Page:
"On Friday, the Department of Energy is expected to show a withdrawal of just 74 billion cubic feet, well below the 87 bcf drop during the same period last year and the five-year average withdrawal of 140 bcf. If the projection is correct, that would push natural gas inventories 12.7% higher than the five-year average.
"The fundamentals really don't support significantly higher prices, but weather forecasts change pretty quickly so we'll just have to keep watching," said Gene McGillian, a broker and analyst with Tradition Energy.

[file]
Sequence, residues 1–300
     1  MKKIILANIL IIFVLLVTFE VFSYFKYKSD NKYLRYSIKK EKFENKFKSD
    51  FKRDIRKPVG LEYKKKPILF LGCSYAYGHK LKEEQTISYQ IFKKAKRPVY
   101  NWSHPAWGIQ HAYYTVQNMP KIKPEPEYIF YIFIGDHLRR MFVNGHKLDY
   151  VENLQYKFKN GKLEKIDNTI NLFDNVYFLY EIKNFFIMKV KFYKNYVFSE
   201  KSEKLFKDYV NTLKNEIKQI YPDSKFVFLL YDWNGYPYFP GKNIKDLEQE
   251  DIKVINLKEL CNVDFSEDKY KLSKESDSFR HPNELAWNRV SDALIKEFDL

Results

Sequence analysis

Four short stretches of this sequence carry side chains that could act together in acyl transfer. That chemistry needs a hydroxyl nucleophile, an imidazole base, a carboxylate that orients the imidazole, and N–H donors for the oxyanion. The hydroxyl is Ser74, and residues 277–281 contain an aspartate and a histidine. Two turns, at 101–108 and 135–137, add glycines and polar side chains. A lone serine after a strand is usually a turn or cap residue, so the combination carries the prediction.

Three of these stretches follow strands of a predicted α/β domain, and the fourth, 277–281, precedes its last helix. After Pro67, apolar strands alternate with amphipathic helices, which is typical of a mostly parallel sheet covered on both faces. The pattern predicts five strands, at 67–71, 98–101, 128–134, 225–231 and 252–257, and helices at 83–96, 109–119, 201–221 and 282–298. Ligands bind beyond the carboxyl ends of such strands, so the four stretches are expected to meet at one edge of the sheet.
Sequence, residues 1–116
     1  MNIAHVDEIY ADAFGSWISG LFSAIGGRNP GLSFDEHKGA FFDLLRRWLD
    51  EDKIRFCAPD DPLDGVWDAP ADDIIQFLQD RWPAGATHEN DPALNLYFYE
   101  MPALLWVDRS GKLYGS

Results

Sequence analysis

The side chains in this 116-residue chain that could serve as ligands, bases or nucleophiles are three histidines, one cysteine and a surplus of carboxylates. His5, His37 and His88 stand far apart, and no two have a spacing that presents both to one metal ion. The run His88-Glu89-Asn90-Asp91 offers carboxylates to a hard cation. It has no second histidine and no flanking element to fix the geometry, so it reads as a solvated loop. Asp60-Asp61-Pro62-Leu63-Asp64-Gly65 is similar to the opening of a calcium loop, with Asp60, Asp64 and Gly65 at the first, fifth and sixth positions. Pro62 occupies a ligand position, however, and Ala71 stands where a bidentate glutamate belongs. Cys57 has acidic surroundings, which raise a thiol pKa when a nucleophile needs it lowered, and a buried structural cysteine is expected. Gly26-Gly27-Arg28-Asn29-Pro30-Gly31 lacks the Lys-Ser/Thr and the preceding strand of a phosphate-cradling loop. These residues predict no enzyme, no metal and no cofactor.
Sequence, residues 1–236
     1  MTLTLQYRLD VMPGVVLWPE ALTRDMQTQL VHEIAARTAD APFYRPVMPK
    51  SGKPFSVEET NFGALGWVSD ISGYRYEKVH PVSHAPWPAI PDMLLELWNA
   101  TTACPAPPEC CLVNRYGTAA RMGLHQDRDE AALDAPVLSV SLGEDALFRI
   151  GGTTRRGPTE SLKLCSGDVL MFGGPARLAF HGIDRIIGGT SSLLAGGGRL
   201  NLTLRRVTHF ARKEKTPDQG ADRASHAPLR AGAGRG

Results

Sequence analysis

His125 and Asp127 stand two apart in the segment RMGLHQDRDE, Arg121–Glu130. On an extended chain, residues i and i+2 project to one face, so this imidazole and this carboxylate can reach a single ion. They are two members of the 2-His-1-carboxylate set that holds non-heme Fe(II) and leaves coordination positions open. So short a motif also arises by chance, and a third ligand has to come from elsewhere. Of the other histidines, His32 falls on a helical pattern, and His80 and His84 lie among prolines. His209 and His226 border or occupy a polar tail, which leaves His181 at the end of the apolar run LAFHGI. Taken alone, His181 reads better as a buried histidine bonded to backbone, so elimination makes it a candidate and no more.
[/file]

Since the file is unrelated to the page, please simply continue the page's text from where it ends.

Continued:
Forecasters generally agree that the cold will moderate around the second week of January.
Matt Rogers, a meteorologist at Commodity Weather Group, a private forecaster, said there is "fairly good confidence" that colder weather will prevail over the next 10 days. But weather models continue to point to warmer weather just beyond that period.
The weather is "showing pretty significant warm-up after the cold shot," said Kyle Cooper, analyst at IAF Advisors, who thinks natural gas could fall to the $3 range if the milder forecasts bear out."
---Wall St Journal, Dec 27, "Natural Gas Watches the Weather "